The labor movement failed in its effort to reduce the average work day from eleven to eight hours at the same pay in 1886. But workers' widespread, vigorous uprisings in that tumultuous year — centered in Chicago — made May Day an international workers' holiday, and brought labor's grievances to a worldwide audience.

A strike at the McCormick Reaper Works led to violence at Square during an anarchists' demonstration on May 4, 1886. In Haymarket's aftermath, Chicago's business elite clamped down hard, attempting to kill off the eight-hour movement. Still, reformers pressed for workers' rights. In 1893, following her investigation of sweatshop working conditions, Florence Kelley succeeded in convincing Illinois to mandate an eight-hour day for women and children workers, and ban children under 14 from the workforce.

“the customer is always right”
Potter Palmer did the unthinkable when he instituted "the Palmer system." He guaranteed his customers a full cash refund on any purchase they found unsatisfactory — no questions asked. By designing his successful dry goods business to appeal to women, treating them to lavish attention and courtesy, and providing free home delivery, he changed the retail business in America. When "Palmer's Palace" opened on State Street in 1868, carriages lined the streets for blocks, as Chicago's affluent citizens turned out to see the expensive and exotic merchandise. His innovative practices had turned shopping from a chore to a pastime.

Mail order
Aaron Montgomery Ward had been a traveling salesman for a dry-goods wholesaler for two years when he developed an idea for a national mail-order business. Although it was not the first mail order business, it was the first business to offer a bountiful variety of items for purchase and delivery, rather than just a select few. The catalog especially served Americans in rural or frontier areas, who had limited access to manufactured products. Ward made his company successful by seeking advice from his customers about which products he should offer, in addition to keeping prices low and quality high. By the 1890s, Ward's catalogs ran to more than five hundred pages, and he received over 15,000 orders a day.

The Vertical City
Two architectural practices, the balloon frame and Chicago Construction, made Chicago the world's first vertical city. Builders using the balloon frame method created a skeleton of two-by-fours covered by wooden siding. First widely used in 19th-century Chicago and still employed today, the balloon frame not only sped up the building process; it also made construction less costly.

The balloon frame was a precursor to a great Chicago innovation: the practice of attaching a façade onto a strong yet light steel frame. Though skyscrapers were born in New York, the method called Chicago Construction, developed by Chicago architects and engineers between 1880 and 1883, provided the basic structural system for building modern steel-and-glass office towers.

“Mickey Finn"
A Mickey Finn, or a Mickey, is a drink secretly laced with a drug, possibly chloral hydrate, to knock out the person who drinks it. Slipping someone a mickey has become a staple plot device in detective fiction and B-movies.

Mickey Finn was a real person, a saloon owner in Chicago's vice district, known as the Levee. But the dastardly deed attributed to him is most likely a myth. As the story goes, after a customer passed out, he would be robbed and tossed into an alley by Finn and his wife.

“There's a sucker born every minute."
Irish immigrant Michael ("King Mike") Cassius McDonald, who ran Chicago's first crime syndicate, is said to have coined this phrase. According to legend, it was his explanation for how he planned to get enough customers for his gigantic, four-story gambling house. This casino-like palace, "the Store," was located close to City Hall, and it provided a gathering place for Democratic politicians as well as unsuspecting gamblers. McDonald obtained the cooperation of the police force, politicians, and an army of skilled confidence men to run his rigged games.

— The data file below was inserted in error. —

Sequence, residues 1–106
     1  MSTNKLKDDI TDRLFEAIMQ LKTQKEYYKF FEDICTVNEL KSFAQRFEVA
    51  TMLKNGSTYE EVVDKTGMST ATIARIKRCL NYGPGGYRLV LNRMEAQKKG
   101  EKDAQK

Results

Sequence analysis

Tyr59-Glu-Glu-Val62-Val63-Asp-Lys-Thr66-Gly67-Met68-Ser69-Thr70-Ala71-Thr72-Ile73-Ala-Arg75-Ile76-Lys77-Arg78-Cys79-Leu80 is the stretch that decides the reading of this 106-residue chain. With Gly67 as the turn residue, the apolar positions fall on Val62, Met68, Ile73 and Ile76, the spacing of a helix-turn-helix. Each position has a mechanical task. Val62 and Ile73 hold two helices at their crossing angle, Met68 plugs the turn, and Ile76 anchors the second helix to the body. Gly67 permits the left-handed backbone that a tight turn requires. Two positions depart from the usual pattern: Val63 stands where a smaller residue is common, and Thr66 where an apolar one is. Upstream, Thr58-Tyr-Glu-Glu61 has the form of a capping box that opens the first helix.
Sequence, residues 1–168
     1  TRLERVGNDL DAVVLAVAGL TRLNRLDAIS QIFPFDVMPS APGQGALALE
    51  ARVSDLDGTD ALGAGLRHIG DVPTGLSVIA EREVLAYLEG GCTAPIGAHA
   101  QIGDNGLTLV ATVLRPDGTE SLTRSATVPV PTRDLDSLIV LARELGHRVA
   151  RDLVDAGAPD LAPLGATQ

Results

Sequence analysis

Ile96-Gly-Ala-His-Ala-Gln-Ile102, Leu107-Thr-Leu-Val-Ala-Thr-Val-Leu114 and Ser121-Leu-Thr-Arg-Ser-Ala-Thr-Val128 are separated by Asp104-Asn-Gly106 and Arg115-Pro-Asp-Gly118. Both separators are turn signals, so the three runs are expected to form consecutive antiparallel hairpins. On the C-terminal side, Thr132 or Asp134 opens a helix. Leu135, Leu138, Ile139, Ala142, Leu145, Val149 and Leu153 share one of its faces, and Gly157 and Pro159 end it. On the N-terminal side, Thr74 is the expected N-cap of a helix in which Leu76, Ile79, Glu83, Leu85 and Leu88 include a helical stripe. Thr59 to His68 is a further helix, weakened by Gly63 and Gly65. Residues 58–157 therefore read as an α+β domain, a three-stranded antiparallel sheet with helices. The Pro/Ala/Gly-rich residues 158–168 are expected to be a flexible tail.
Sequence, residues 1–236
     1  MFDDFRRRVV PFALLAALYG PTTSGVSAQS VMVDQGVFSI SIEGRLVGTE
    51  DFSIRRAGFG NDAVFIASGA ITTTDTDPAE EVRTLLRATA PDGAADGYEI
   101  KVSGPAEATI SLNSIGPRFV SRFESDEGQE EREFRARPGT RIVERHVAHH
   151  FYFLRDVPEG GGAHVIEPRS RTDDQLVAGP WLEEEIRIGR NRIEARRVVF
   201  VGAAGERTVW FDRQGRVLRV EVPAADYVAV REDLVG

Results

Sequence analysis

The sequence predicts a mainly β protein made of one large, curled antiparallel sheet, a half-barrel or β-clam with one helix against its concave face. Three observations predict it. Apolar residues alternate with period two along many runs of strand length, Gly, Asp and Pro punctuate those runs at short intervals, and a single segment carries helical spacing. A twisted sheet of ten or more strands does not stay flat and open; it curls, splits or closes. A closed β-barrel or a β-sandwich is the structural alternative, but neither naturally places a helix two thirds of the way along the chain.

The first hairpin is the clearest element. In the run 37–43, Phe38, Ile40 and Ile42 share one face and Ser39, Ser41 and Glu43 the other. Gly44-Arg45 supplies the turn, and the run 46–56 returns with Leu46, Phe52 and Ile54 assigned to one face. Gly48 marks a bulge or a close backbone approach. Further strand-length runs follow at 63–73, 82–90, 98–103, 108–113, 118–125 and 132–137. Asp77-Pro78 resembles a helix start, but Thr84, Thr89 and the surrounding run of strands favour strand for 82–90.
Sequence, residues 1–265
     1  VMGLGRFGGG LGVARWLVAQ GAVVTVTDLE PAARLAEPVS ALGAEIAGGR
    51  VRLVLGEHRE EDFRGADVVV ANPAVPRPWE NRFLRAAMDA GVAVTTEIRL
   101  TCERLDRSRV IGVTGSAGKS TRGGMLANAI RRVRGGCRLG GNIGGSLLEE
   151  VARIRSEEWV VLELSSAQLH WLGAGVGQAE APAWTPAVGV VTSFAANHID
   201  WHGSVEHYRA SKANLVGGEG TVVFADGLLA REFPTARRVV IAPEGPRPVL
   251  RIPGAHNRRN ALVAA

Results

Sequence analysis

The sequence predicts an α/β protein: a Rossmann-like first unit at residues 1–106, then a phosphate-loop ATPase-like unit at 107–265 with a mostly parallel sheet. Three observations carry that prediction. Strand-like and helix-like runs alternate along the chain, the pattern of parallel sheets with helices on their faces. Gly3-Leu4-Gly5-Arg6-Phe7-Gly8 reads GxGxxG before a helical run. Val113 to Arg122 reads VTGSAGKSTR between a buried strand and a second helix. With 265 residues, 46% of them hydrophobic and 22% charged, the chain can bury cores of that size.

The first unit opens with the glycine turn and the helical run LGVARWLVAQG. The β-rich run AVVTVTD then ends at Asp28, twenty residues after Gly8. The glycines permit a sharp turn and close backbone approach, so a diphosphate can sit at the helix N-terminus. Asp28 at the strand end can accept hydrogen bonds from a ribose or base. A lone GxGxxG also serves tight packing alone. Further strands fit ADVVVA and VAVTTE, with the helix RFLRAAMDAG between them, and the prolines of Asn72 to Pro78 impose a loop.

McDonald's criminal activities prefigured those of Al Capone and other Chicago gangsters.

King Mike is also credited with saying, "Never give a sucker an even break."

Landscape architect Frederick Law Olmsted coined the term "Midway Plaisance" for the 600-foot-wide green space that was to connect his South Park along Lake Michigan (now Jackson Park) to another park a mile inland (now Washington Park). The Great Fire of 1871 delayed Olmsted's master parks plan, but during the World's Columbian Exposition Midway hosted various amusements, games and entertainments. Americans adopted the name "midway" to describe the raucous commercial areas of all fairs and exhibitions.

Cracker Jack
Baseball fans still hear the cry, "Get'cha peanuts, popcorn and cracker jack!" in ballparks across the country. Frederick Rueckheim created the sweet treat of popcorn and peanuts coated with molasses for his popcorn stand in Chicago. It was immortalized in 1908 in the song "Take Me Out to the Ballgame," and by 1912, a prize could be found in every box.

At the Chicago White Stockings' Westside Park, the left hand of a pitcher was on the south side of the park. Finley Peter Dunne, who covered the White Stockings for the Chicago Daily News, coined the term "southpaw" in the 1880s to describe a left-handed pitcher. Dunne's innovative style of reporting, with energetic and colorful play-by-play accounts, brought the game to life for readers who were used to seeing only the box scores.

The Ferris Wheel
The Ferris wheel debuted at at Chicago's 1893 Columbian Exposition. To outdo the Eiffel Tower, the landmark attraction at the previous World's Fair, designer George Ferris built a 250-foot-diameter wheel on a massive, forty-five-ton axle. Sixty riders per car thrilled to the ascent and descent from the 264-foot pinnacle. "The World's Greatest Ride" was reused at the St. Louis World's Fair of 1904, then dynamited and sold for scrap metal.

The ride lived on, as amusement park goers of today know. Coney Island entrepreneur George C. Tilyou saw the wheel during his honeymoon at the fair. He ordered a half-size version and brought it to New York, where it became the centerpiece of Steeplechase Park.